Holidays once you’ve had a baby are a real eye opener. It’s a bit like signing up for a challenge event which you’ve done no training for, the first one you go on with a baby can be a bit of a shock to the system. Gone are the carefree, hedonistic lounging by the pool days. Those day’s are long forgotten. Everything changes once that little person comes along.
Before baby, there were sunsets to watch whilst supping cold beers, listening to chilled out tunes. There were endless restaurants to choose from, clubs to dance in and sunrises to stumble home to. Now, the beer goes warm before you get your lips to the bottle, background music is a nursery rhyme CD stuck on repeat and you don’t care about seeing sunrises or sunsets anymore as bed is far more important. Before baby, you have choices and decisions that just factor in you, you don’t need to worry about feeding a small human, packing enough items to outlast a potential end of world apocalypse, changing facilities, emergency poo situations (that’s the baby, hopefully not you) you certainly don’t need to worry about how quickly you can inhale your dinner before the baby kicks off. The relaxing vibe of a holiday now has a slightly frantic feel about it.
During the day on holiday when the baby is awake you can guarantee that the minute you go to perch your bottom on a sun lounger, said child has run off in the other direction teetering precariously close to the pool’s edge. You endlessly apply and battle on sun cream as they want to go in and out of the pool, in and out, in and out. Then when you’re as wrinkled as a prune, they want to get back in again. Your only sweet sanctuary is nap time, that short window when you finally get a chance to lay prone for at least an hour but for reasons unknown, now is the time that you decide to go indoors. You check on the baby five times, have a sweep, sort your clothes, read a newspaper, tidy up, flick through the telly channels and then, oh bugger, they’re awake again and you’ve missed your chance! It’s like our brains can’t compute that this is our only free time, we can’t switch off even when we go away!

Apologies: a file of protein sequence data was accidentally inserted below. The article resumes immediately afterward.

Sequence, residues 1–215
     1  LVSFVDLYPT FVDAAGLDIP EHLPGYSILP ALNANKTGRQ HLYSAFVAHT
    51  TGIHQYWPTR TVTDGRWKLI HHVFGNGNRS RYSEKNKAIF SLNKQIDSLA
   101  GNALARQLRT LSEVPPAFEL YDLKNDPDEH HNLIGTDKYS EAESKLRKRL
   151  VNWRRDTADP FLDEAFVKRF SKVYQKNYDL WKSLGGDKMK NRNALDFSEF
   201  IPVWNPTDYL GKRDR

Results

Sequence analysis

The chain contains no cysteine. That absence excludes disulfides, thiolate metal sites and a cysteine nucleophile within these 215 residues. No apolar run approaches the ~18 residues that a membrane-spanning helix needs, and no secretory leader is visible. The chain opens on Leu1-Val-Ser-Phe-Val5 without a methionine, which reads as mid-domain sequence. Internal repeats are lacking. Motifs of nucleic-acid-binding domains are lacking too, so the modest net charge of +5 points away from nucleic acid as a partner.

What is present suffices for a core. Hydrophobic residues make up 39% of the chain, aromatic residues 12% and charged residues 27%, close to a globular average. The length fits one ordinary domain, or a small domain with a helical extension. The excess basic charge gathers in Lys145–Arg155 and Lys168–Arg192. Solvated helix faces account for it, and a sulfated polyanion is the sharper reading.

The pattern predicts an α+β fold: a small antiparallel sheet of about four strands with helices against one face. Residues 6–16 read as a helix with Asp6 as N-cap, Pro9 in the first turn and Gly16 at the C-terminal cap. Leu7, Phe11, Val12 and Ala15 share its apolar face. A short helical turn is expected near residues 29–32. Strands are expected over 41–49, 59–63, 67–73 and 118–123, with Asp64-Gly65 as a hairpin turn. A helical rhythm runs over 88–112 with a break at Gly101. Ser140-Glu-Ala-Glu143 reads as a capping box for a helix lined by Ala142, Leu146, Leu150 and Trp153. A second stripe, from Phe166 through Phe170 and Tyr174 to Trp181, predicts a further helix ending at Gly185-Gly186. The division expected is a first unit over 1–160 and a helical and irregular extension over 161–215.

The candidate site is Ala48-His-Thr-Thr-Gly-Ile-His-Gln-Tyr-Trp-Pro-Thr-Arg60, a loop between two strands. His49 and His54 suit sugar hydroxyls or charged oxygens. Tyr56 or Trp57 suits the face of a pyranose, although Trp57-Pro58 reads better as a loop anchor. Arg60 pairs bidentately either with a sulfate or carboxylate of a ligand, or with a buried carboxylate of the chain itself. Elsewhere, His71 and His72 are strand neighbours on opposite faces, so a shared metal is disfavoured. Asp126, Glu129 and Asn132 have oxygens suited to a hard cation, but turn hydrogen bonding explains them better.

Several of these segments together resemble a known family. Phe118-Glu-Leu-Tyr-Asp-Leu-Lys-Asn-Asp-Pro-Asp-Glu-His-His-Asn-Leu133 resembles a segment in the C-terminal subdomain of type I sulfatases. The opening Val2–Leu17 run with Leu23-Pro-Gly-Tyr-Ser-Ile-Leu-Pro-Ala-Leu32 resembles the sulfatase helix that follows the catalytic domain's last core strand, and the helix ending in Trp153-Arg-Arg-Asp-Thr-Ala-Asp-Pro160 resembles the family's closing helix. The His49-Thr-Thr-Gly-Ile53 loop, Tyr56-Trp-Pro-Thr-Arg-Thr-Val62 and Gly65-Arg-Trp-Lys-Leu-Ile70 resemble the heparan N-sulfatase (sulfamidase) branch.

Evening’s on holiday are another matter. Even once the baby has gone to bed you feel slightly on edge. In between talking you shush your husband, ‘shhhhhh, was that the baby I just heard, shhhhhh, listen’. No conversation can continue without the strange head cocking to one side motion, as you try and listen, one ear on the talk, the other on the non-crying baby. You make excuses to nip back inside and check that the baby is still in their room, hasn’t been kidnapped, that the monitor is still working and that they’re still breathing. Once you’re satisfied that all is okay, it’s then a case of who can drink more than the other, and who can ultimately win at the ‘I’m still asleep’ game the next morning when the baby invariably wakes at 6am. Such fun.
But, and here’s the deal, what does happen on holiday is that you see your child grow in a short space of time. Not physically (although maybe its growth spurt time so in which case yes this!) but socially. You see them get better and bolder at swimming, playing with family, cousins or new friends. Looking like a big kid eating their tea at the table with all the other children and having nice treats like ice lolly’s every day, because its holiday, right? You see them discover new things, be it shells on the beach, the touch of the sea on their toes, amazing fruit on trees, wildlife all around and just that feeling of being outdoors with some sunshine on their little bodies. Yes holidays are very different now but they’re worth it as you get to spend time as a family, as a unit, regardless of how fraught it might be. Possibly the kids’ are the ones who now benefit from holidays, not us but that’s alright, we can let that be the case. It’s all about them now and the memories we create with them and for them. I wouldn’t swap this new situation for the world … okay I might be lying a tiny bit here, a few days with some child free lounger time would be amazing but, I’d miss the little whirlwind and her non-stop busy-ness.